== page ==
City of Angels Close-Up
I am normally all over all over a story about a newly constructed artwork by Robert Smithson, but I am in the Pacific time zone, seeing some of Los Angeles' star buildings close up. I checked Curbed and they linked the New York Times article.
Pictured is Caltrans District 7 building, by Morphosis. Read more about it after the jump.
The building plays on two levels: drive-by and walk-in.
Drive-by: its cantilevered masses hover over the downtown scape, something that a drive-by brings to life. The openness of the exterior framework, and the veil-like metal screens, give it the feeling of a building built by monopole sign engineers.
Morphosis did not try to dress up this scaffolding, the way Frank Gehry did for the nearby Disney Concert Hall. Instead, the architects chose to let the scale of the industrial materials, and their profiles (like the curved eyelet screens), overcome the close-up roughness and create an elegance that works at drive-by scale.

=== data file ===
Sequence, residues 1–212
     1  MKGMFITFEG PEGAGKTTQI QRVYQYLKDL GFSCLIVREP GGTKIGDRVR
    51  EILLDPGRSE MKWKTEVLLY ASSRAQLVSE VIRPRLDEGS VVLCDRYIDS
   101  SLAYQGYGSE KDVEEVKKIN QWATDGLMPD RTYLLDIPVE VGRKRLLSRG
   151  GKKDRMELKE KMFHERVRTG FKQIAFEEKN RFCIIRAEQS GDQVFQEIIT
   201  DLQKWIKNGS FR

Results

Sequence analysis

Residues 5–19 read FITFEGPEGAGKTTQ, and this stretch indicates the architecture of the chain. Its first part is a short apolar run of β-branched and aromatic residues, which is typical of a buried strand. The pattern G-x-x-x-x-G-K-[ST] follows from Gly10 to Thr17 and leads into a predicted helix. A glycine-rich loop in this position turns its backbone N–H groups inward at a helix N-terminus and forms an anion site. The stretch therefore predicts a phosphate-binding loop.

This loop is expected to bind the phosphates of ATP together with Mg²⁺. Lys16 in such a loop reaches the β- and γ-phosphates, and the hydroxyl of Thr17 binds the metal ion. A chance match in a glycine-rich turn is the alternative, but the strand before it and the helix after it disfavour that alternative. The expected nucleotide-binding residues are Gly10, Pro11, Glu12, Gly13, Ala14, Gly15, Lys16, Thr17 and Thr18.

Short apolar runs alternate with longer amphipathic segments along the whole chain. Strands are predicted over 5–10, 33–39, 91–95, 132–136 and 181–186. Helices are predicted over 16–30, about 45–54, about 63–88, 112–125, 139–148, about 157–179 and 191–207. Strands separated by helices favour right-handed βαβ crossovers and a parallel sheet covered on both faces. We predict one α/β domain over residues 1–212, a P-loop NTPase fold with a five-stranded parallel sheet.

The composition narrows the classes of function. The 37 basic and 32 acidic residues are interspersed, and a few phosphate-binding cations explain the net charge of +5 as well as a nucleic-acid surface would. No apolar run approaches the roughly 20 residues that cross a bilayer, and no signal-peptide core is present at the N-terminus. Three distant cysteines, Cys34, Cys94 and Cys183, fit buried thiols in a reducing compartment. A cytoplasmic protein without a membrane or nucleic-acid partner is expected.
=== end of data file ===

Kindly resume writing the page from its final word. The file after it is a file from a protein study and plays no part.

Walk-in: its cantilevered masses create shade. Not the kind of shade The Guttersniper is throwing, but shade for people from direct sunlight. The outdoor cafe is quiet, cool, and beautiful. It faces the neon work of Keith Sonnier, which is clearly visible in the shade, washed out in the direct sunlight (reminicent of his early pieces combining incandescent lamps with neon tubes).
The Sonnier piece wraps what I will dare to call public space. If there were a million more people in a ten block area, and the cafe was a little more robust, and it had about ten more entrances, one might even call it a piazza. But this is downtown Los Angeles, and for the people who work there, the architectural tourists (tough love begins at home), and anyone who actually needs to visit this building, the open space is well-considered, useful, and capable of handling large crowds for fun.
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